Morning #3

Morning 3 arrived and we’d been told we were with Dominique this morning. A restaurateur outside of the hunting season. But during the season, an incredible guide and caller. He can read geese as good as you’d expect from a seasoned guide and can easily turn them with his calling ability. An eccentric and excitable man who brought laughter and humor into the blind. I thoroughly enjoyed hunting with him and had the fortune of spending 3 more days with him this year. We were told that the target species this morning was Canada geese.

I was more than happy to hear this as decoying Canadas was something, again I’d never done. We pulled up outside a farm yard and parked next to a silo. Some of us jumped in the back of Dominique’s truck, others on a quad. My Dad and I walked. Behind where we shot was a steep drop in to another irrigation ditch. That was something we needed to be mindful of setting up. 

Dad & I Ready For The Geese


The decoys were set, blind camouflaged and we were set to go. To our right about a mile away was Lac St Jean. This is where the birds had been roosting and Dominique explained that this field of grass had been getting hit hard for a few days by the Canadas. As shooting light came we heard the distinctive “honks” of the iconic bird. Dominique nails it. I listened to him and have worked on my calling to get it similar to his, if I get anywhere near as good as him. I’ll be decent. The first group of “darks” as they are colloquially known set their wings a fair way out and were on their way. This was amazing to watch and pretty exciting too. Once their wings are locked you know those birds are coming to the decoys.

Dominique gave the shout “TAKE EM” and I was on point. My gun came up and I calmly picked my bird.

There were probably 20 canadas in this first group. I hit the first bird but it didn’t drop, I followed up with a second and as I watched it fold moved on to another bird, which crumpled too. That was it, my confidence was up and I knew I was in for a good morning. Our daily bag limit was 10 birds per gun.

There were 7 of us shooting and I felt confident we would get that limit. Skein after skein poured in. I put my gun down to try and film the birds coming in. It was incredible. Shannon and Colin were close to running out of cartridges. The issue with this was I couldn’t help them out as they were shooting 10 bores. They were doing the business on these decoying Canadas. A group swung in from right to left and I watched one bird flare, it must have seen something. The birds in front all dropped but the flared bird had only been seen by me and was flying away from the decoys behind us.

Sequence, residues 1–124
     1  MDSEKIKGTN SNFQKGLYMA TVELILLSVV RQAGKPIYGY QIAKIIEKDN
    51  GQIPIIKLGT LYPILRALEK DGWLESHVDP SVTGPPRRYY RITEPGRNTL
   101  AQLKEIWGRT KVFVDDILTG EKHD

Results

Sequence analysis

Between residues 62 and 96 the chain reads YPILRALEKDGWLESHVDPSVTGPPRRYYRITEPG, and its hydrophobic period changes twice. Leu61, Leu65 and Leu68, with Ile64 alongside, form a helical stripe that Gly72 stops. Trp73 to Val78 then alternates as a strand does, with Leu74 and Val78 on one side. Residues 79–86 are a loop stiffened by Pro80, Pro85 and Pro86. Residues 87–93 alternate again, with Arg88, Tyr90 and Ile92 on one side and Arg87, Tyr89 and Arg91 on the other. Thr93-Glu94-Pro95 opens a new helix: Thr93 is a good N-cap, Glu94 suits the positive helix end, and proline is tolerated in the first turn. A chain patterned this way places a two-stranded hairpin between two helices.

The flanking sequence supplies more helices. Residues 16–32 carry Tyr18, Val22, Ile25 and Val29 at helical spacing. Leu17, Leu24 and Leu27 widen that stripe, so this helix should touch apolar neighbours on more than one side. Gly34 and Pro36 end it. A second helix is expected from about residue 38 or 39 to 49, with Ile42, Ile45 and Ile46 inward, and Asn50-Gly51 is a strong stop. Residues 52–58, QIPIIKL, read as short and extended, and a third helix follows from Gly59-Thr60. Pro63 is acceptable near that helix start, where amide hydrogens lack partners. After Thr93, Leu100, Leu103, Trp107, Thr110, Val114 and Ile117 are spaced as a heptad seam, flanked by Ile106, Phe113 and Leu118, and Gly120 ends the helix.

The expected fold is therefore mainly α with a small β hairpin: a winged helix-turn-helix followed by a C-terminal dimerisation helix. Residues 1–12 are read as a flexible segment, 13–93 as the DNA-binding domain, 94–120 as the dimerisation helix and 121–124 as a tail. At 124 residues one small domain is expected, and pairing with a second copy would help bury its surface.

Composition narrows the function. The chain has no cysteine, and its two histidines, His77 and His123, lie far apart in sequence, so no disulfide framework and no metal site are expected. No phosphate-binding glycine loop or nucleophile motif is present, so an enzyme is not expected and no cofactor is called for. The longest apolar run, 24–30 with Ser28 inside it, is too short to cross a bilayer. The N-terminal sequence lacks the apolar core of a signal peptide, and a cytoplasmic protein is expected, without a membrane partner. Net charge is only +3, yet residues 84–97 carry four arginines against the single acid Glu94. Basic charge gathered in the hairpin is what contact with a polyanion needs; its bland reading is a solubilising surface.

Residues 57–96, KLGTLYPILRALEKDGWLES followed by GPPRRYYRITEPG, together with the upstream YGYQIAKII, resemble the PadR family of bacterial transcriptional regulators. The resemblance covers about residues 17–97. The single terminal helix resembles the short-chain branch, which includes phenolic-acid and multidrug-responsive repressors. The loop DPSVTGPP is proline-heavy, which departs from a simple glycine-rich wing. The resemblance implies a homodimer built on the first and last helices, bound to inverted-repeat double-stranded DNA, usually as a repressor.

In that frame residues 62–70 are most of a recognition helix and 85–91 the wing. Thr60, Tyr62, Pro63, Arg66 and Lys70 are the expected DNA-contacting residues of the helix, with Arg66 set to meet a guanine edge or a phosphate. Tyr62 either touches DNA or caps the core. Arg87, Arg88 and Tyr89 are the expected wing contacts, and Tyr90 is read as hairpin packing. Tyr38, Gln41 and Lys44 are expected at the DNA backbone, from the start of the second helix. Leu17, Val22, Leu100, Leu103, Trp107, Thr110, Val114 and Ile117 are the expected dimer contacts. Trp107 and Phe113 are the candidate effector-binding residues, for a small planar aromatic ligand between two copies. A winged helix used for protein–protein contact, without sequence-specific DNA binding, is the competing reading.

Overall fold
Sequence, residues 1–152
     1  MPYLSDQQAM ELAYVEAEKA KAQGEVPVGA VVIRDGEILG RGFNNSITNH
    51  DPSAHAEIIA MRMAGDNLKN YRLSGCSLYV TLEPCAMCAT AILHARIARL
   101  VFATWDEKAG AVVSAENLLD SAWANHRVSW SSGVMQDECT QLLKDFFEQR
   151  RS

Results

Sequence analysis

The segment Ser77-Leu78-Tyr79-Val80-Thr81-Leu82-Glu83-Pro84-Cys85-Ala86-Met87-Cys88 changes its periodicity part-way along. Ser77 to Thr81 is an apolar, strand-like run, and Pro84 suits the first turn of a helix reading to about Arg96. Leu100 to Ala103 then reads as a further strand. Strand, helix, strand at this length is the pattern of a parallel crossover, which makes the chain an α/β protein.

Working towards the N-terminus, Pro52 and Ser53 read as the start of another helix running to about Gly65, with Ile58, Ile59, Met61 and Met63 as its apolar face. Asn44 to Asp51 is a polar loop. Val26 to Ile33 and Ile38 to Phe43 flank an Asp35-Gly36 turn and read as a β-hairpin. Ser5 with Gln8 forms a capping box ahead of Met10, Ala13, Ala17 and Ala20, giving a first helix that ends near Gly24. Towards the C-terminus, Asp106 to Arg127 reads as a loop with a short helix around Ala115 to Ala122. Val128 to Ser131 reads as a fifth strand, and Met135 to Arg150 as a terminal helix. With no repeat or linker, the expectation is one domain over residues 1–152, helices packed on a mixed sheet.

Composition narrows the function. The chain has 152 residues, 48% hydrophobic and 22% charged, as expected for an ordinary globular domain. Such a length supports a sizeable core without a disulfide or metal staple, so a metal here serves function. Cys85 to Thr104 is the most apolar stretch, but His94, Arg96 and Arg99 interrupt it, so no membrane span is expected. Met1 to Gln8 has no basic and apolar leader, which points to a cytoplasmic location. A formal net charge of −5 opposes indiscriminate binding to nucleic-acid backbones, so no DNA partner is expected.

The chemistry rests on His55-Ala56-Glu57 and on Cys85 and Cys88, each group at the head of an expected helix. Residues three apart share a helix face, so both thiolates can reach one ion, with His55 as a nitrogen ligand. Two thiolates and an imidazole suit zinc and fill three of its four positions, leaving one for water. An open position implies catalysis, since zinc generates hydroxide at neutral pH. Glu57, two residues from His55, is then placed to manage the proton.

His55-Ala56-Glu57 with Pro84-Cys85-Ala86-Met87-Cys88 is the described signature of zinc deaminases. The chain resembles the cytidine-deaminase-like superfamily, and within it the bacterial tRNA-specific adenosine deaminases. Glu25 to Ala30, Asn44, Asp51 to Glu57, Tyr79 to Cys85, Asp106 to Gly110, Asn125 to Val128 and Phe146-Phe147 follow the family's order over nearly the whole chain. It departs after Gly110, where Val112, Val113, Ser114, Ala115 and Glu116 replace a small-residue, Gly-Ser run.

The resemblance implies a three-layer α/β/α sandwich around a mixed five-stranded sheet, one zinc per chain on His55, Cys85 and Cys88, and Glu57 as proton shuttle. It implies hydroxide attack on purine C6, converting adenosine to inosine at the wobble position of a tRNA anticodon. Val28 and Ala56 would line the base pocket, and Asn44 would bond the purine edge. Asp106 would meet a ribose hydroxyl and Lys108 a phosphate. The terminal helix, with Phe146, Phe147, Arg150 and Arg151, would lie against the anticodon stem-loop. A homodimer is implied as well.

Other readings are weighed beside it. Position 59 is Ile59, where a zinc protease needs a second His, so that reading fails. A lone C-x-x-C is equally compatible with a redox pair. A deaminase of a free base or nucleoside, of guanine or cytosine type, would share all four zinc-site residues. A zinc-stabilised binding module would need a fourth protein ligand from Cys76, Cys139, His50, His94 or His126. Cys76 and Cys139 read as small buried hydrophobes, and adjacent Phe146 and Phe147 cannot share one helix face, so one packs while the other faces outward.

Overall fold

I gave the bird the right lead and watched it fold at 40 yards !!

I was super impressed with my shooting. Definitely a fluke. I had shot well. I know Dad thought he hadn’t done as good, but he’d accounted for a few birds. It was a manic and exciting morning of goose decoying. A morning that I will never ever forget. We didn’t make the daily limit. But that did not matter. We all had some shooting. And to be honest. some of the best decoying of wildfowl you could hope for.

L-R Colin, Shannon, Calvin, James, Jim & Dave All From NS

The whole 3 days had been amazing. I knew I wanted to come back and was hopeful there would be trip proposed for the following year. Luckily for me there was. 2019 wasn’t anywhere near as successful as 2018. But it was still a trip to remember for different reasons. I’ll be sure to share the 2019 account on here later on. But I can’t wait for this years trip. Dad, myself and great friend of mine Pete are making the pilgrimage this time. A big thank you to all of the boys that made it a special one for me personally and a special thank you for John Clements for putting up with my questions and making sure that it happened. I am forever grateful. Roll on 2020!

The Mornings Bag

Chasing Snows in Quebec – Written by James Owne – Passionate Conservationist

An outdoorsman and UK Military Veteran hailing from the North West of England wishing to share my experiences and stories with like minded individuals. – Amateur Chef – Photographer – Writer – Videographer –

More information about hunting snows with La Cache Outfitters